Friday, April 26, 2013
This post was originally posted at FreeStatePlus on WordPress
The Barry Goldwater conservative movement of the mid 1960s and even late 1960s launched Ron Reagan into office as President of the United States in 1980. But actually Congressional Republicans didn’t get the majority back in the House, or Senate in the mid and late 1960s, but made them a strong minority in both chambers. As well as Richard Nixon elected and reelected President of the United States in 1968 and 72. Placed Ron Reagan in strong place to be the GOP frontrunner for President.
After losing in 1976, Ron Reagan became the Republican frontrunner in 1980. The way Gerry Ford governed as President of the United States in the mid 1970s, fiscally conservative, as well as respecting personal freedom and civil liberties, all of these things started with Barry Goldwater when he ran for President in 1964. And took sixteen years for it all to come together with a Republican president in 1980, a Republican Senate for the first time, since 1952 and a large Republican minority in the House of Representatives in 1980 as well. Where House Republicans led by Minority Leader Bob Michael, could work in coalition with right-wing Southern Democrats in the House. To pass and block legislation.
What happened with the Barry Goldwater conservative movement of the mid 1960s and what it finally led up to and what’s going on with the Ron Paul libertarian movement of today in the Republican Party, both have one thing in common. That neither one was big enough to be a governing coalition in the United States. Or even a leading coalition in the Republican Party. Where they hold a lot of leadership positions. Back in the mid 1960s, America was still in the LBJ Great Society Progressive Era.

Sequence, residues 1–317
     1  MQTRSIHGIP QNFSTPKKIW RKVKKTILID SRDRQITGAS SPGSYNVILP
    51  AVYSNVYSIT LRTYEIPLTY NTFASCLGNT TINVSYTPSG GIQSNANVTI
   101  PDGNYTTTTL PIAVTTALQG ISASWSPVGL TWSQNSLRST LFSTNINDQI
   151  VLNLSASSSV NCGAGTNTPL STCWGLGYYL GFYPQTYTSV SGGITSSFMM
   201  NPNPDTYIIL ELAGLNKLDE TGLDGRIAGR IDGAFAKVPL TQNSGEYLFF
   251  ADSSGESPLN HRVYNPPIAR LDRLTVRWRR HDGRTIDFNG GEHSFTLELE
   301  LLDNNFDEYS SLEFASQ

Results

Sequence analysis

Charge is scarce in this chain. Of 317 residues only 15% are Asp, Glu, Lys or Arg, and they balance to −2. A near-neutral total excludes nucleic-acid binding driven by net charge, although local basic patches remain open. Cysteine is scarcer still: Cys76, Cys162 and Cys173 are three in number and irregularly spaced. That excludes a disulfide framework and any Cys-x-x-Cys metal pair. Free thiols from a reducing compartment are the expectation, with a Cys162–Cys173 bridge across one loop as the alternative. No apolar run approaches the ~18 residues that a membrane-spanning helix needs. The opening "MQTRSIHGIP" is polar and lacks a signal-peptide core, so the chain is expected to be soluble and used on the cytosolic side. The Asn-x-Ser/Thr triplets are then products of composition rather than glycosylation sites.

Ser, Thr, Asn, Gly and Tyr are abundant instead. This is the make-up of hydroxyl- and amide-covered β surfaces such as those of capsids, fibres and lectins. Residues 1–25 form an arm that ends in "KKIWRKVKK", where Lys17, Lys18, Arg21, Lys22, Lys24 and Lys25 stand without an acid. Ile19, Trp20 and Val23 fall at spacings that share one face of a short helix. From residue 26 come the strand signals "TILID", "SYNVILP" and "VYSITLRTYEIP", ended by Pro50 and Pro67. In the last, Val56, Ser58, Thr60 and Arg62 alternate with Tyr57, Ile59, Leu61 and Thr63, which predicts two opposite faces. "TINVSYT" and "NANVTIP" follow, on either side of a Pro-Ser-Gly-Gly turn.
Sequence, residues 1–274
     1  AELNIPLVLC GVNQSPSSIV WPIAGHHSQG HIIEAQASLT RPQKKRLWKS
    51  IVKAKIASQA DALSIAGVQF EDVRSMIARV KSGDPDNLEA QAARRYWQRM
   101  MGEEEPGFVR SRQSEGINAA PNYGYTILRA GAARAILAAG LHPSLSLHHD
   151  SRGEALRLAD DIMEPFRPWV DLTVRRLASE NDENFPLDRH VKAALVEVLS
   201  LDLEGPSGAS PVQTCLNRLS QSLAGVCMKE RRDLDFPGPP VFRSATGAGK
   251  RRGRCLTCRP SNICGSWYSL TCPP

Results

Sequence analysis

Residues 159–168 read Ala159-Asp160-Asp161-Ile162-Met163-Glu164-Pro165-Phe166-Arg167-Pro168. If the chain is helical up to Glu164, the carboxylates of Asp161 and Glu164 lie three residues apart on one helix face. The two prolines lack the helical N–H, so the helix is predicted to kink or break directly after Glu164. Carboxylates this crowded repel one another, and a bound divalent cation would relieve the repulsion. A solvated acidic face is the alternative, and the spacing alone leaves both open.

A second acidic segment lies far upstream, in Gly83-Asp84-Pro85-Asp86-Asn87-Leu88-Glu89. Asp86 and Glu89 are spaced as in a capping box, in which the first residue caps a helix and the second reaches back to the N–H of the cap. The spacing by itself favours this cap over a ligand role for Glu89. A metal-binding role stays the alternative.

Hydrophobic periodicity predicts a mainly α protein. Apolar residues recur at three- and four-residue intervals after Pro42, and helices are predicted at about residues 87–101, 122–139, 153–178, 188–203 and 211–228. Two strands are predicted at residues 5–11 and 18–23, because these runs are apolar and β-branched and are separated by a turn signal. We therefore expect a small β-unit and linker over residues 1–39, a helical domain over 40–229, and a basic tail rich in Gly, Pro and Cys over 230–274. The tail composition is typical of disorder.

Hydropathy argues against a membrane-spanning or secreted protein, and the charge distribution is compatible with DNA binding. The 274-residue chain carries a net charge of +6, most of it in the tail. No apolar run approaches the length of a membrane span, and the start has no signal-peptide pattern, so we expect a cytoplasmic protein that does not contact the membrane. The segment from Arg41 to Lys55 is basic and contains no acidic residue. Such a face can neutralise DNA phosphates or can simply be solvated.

Where Americans by in large wanted and liked big government taking care of them. And we are obviously pass that now. But Ron Paul’s problem in the Republican Party are the Neoconservatives and Religious-Right are still in charge of the Republican Party. But what they also have in common with the Goldwater Conservatives of the 1960s, is the old-guard is dying off and losing influence. While the Goldwater Conservatives were growing back then. And the Libertarian Republicans are growing today, as the Religious-Right and Neoconservatives are dying off and losing influence.
As then U.S. Senator Jim DeMint said back in 2012 before he became President of the Neoconservative Heritage Foundation political action group, “the Republican Party needs to become more Libertarian for them to be successful in the future.” But they do not have to embrace all of their positions, but they have to move in that direction on social issues. And get back to being a real fiscally conservative party. And stop nominating presidential candidates who run as fiscal Conservatives, but have records that suggest otherwise. Who run as Religious-Conservatives, but have records that also suggest otherwise. And get back to being a real Conservative-Libertarian Federalist party again. That can compete and be successful all over America.